For retirees who know they will need some income to meet monthly needs, there are typically a couple of places additional cash can come from: Social Security or other assets. Other assets could be the Thrift Savings Plan (TSP), a 401(k) from previous employment, an IRA or any other investment that is not a part of a federal employee’s retirement package. Even though there is certainly a tax angle when it comes to drawing from Social Security or other assets, we will consider this decision framed around providing for a spouse or non-spousal beneficiaries.
Benefits for a Non-Spousal Beneficiary
A non-spouse beneficiary is someone a retiree is not married to. This could be a grown child, nephew, niece, or really anyone who a retiree would like to designate to receive funds at the time of the retiree’s death. Non-spouse beneficiaries are significant because they typically will not receive any sort of survivor benefit from the retiree’s Social Security.
Let’s assume that Bob has two main goals in retirement:
- Meet monthly income needs.
- Leave an inheritance to his two grown children.
Bob’s challenge is to implement a strategy that meets both of his goals. How would the age Bob draws Social Security impact these two goals?
If Bob lets his Social Security increase and draws down his outside assets, he meets his personal monthly income needs, but reduces the savings he planned on leaving to his grown children.
If Bob begins drawing Social Security instead and lets his other funds continue to grow, he could meet his monthly income needs, while at the same time leaving the inheritance for his children untouched.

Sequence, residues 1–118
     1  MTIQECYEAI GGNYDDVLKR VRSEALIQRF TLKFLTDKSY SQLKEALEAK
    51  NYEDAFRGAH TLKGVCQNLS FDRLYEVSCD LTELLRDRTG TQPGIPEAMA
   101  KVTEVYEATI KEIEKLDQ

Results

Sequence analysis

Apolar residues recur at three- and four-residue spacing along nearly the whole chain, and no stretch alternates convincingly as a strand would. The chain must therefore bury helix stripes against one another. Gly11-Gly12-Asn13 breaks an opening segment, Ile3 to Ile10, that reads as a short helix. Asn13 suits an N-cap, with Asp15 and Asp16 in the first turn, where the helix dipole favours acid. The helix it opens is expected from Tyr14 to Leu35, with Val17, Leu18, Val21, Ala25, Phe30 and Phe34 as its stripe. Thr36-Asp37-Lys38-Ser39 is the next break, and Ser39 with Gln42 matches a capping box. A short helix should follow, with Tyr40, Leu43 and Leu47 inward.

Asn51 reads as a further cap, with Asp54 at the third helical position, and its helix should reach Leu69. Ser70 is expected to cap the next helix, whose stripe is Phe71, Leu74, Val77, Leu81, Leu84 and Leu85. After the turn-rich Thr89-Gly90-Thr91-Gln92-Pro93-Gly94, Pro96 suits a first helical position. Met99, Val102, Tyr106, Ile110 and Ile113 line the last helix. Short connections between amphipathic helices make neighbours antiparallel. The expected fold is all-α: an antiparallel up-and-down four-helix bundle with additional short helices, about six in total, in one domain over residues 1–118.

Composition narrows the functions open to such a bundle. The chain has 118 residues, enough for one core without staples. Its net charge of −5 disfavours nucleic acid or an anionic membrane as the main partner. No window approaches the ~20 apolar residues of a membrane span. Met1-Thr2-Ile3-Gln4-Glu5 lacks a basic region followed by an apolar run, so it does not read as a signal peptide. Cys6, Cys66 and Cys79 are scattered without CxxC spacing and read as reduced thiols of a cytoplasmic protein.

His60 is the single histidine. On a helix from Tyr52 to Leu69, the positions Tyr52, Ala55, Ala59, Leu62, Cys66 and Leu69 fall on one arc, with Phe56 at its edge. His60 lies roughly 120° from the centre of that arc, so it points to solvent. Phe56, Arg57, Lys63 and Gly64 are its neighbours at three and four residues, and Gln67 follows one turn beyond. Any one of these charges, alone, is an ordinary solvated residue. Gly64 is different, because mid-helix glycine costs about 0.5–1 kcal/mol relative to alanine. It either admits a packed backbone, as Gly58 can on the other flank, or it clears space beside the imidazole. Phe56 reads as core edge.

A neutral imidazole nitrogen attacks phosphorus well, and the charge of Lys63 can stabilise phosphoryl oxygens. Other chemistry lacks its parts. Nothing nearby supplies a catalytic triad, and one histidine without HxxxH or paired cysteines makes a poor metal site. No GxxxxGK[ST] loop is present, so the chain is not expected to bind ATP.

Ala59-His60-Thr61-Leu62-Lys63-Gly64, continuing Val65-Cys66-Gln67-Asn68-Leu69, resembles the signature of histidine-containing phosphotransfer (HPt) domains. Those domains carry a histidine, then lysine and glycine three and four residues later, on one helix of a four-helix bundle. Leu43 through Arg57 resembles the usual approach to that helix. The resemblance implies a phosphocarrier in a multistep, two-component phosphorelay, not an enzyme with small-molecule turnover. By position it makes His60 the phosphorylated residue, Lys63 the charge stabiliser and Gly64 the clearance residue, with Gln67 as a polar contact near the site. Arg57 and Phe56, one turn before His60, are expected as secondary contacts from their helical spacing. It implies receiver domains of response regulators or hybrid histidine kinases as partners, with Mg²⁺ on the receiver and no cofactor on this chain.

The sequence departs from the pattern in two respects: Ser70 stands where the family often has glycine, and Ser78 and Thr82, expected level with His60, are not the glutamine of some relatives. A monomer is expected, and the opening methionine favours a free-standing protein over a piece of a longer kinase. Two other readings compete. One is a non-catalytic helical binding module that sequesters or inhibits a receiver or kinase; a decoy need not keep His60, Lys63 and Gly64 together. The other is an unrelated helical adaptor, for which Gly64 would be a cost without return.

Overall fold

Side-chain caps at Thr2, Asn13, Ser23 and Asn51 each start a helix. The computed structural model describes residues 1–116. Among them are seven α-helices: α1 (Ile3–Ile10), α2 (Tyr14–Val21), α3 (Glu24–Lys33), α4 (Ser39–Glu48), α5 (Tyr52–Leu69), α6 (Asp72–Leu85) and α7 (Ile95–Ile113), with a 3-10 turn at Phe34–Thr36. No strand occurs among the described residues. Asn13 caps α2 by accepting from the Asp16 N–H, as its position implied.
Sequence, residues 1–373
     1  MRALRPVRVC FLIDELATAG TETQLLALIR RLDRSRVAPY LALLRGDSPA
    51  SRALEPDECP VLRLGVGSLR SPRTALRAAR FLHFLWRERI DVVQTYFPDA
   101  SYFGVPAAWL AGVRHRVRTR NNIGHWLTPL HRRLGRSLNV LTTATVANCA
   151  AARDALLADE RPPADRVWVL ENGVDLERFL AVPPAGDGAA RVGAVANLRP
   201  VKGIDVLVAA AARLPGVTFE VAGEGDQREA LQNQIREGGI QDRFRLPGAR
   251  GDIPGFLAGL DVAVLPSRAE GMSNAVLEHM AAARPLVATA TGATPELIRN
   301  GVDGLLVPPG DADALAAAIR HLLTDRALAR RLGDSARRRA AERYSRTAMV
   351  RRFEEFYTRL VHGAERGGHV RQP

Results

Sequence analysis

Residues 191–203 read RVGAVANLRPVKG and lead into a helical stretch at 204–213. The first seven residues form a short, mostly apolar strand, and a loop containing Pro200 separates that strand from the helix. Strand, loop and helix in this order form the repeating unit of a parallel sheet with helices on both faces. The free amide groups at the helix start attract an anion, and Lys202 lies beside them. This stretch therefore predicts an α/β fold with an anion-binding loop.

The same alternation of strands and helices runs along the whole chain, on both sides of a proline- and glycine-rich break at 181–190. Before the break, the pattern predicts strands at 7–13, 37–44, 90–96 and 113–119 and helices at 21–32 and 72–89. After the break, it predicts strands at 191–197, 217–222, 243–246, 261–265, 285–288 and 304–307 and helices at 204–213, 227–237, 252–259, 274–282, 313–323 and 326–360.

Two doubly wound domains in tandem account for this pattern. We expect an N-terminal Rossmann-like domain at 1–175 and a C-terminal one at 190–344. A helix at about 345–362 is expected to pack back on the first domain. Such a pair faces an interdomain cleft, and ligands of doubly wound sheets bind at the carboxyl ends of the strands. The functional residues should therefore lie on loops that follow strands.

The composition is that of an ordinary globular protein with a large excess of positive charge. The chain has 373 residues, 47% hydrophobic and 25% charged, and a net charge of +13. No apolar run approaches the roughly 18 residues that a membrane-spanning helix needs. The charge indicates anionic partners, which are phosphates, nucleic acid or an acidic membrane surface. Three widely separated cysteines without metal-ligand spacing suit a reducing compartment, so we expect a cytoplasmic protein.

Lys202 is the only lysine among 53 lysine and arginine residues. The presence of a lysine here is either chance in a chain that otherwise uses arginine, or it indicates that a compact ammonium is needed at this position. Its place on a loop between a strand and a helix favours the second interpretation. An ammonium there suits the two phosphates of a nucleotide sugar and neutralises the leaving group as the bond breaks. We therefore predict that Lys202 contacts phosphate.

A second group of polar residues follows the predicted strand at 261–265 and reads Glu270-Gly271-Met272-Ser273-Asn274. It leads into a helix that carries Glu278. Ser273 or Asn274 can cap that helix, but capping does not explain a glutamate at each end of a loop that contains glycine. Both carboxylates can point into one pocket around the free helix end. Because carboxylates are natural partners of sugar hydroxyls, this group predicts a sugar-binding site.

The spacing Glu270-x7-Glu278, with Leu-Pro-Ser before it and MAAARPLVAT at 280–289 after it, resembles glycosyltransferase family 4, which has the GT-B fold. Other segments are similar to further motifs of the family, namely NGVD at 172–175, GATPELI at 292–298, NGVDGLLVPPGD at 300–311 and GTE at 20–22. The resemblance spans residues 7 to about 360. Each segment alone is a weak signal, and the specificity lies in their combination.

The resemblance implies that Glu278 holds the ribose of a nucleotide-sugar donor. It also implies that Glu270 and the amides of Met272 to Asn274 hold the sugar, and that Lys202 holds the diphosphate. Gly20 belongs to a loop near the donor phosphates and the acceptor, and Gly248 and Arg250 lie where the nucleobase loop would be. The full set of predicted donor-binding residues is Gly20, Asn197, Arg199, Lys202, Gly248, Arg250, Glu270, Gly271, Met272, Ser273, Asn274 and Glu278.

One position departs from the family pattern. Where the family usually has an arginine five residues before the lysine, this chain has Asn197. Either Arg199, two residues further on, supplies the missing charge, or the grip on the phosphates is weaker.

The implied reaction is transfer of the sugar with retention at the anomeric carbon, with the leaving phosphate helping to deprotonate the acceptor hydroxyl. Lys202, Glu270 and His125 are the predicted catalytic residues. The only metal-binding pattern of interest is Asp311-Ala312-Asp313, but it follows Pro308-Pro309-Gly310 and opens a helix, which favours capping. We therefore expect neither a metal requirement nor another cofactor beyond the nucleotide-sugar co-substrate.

The Spousal Decision
The example above specifically addressed the Social Security decision from the perspective of leaving benefits to a non-spouse beneficiary. What makes the most sense when it comes to your spouse?
If one spouse was the primary breadwinner for the family and is concerned about leaving the largest benefit for the spouse who was not the highest wage earner, here is an option to consider.
The spouse who was the main provider may want to increase his or her Social Security benefit by as much as possible to leave the largest survivor benefit to the surviving spouse at the time of death. Increasing a Social Security benefit is achieved by waiting to begin drawing as long as possible.
Remember that Social Security benefits increase by roughly 8% annually for each year a recipient delays drawing until age 70. So, in this specific example, it may make more sense for the breadwinning spouse to delay drawing and instead use additional assets to increase the spousal survivor benefit.
When it comes to Social Security, the factors listed above are not an exhaustive list. Certainly, a vast assortment of variables may impact an individual decision of when to take Social Security. Survival rates, life insurance, and tax considerations are just a few of the areas that come into play. For a detailed analysis of your individual situation, it may be wise to speak with a financial professional well versed in Social Security and federal benefits.
Disclosure: The information contained in these blogs should not be used in any actual transaction without the advice and guidance of a tax or financial professional who is familiar with all the relevant facts. The information contained here is general in nature and is not intended as legal, tax or investment advice. Furthermore, the information contained herein may not be applicable to or suitable for the individuals’ specific circumstances or needs and may require consideration of other matters. RBI is not a broker-dealer, investment advisory firm, insurance company, or agency and does not provide investment or insurance-related advice or recommendations. Brandon Christy, President of RBI, is also president of Christy Capital Management, Inc. (CCM), a registered investment advisor.